City Hall asked for the public’s thoughts on a well-known downtown eyesore, and it is getting them.
Just over a week since Brockville officials launched an online survey gauging the public’s preferences for the former Woolworth’s store on King Street West, City Hall had received 689 responses, Rob Nolan, the city’s director of economic and development services, said Monday.
Officials are pleased with the level of initial response, Nolan said in another interview late last week.
“It’s an important piece of property in our community and it’s been in need of some attention for some time,” he added.
Mayor Jason Baker last week called the initial response “a very positive start.”
The city recently paid $500,000 to acquire the former Woolworth’s building.
The deal came with a similarly sized tax receipt, allowing the Regional Group of Companies, the building’s former owners, to recoup more of the balance between the city’s offer and its asking price. The deal closed on Dec. 22.
The building was home to the Woolworth’s store, which closed in 1993. The Regional Group bought it in August 2002 and its tenant, Liquidation World, operated there until it closed in January 2004.
City council in February 2013 gave the Regional Group approval to redevelop the site into a self-service storage facility, as well as four new retail spaces.
But not long after that, the owners judged that project not to be financially viable.
The site has remained undeveloped and is again showing signs of age, which the city hopes to remedy in part with window wraps.
The city plans to issue a request for proposals (RFP) from potential developers who would revitalize the site. The online citizen survey aims to gauge the public’s preferences for potential uses.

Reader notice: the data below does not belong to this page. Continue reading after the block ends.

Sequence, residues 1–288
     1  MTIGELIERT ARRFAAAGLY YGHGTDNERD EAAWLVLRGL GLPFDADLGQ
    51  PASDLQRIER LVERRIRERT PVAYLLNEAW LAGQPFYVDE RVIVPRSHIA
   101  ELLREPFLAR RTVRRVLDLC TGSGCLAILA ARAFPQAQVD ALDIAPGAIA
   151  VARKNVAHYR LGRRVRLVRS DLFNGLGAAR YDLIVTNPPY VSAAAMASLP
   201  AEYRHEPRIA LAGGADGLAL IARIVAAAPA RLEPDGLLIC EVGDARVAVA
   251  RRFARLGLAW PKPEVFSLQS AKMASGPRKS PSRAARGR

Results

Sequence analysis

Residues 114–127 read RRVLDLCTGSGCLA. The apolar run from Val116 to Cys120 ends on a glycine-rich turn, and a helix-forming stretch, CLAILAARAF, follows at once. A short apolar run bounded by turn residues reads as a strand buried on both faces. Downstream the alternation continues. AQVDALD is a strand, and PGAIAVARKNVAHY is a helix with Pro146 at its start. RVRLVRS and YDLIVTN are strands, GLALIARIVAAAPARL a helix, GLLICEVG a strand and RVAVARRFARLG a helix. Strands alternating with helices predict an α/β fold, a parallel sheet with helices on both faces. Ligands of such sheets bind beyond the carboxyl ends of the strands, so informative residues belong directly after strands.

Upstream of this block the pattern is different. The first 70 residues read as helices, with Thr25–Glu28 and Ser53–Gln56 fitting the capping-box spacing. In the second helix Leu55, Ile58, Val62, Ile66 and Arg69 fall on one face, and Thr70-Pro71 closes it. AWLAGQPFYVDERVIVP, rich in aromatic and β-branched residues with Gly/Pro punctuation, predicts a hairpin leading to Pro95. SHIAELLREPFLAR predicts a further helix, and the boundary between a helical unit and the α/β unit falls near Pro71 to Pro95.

In practice, the city requires all development at the ground level on King Street to be commercial; while the upper floor could be residential, developers might also look at other options.
The online survey is built around those potential uses deemed realistic or viable.
“We’re being pretty focused with it,” Nolan said, adding the goal is to evaluate and rank potential uses of the site based on the public’s response. “We tried not to be too open-ended.”
For instance, one question asks respondents to rank five potential uses by order of priority: A retail store, commercial office space, residential, public uses, and parking.
City officials also ask the public to rank evaluation criteria for developers by order of importance. Criteria include financial viability, developer experience, and the potential uses the developers suggest. Under public use, suggestions include a gallery, market, or community meeting space “which would draw users to the downtown.”
The potential for a residential component drew particular attention from city council members at a discussion earlier this month.
They stopped short of suggesting that the scoring for the eventual RFP be adjusted to encourage affordable housing in the eventual project. Instead, the package will include wording denoting the city’s interest in affordable housing.
Members also softened language on public use and parking.
City Hall might send signals to developers on the desirability of affordable housing without being prescriptive, Nolan suggested.
Area residents are invited to fill out the survey until Mar. 5. Staff is expected to return with the final draft RFP on Mar. 23.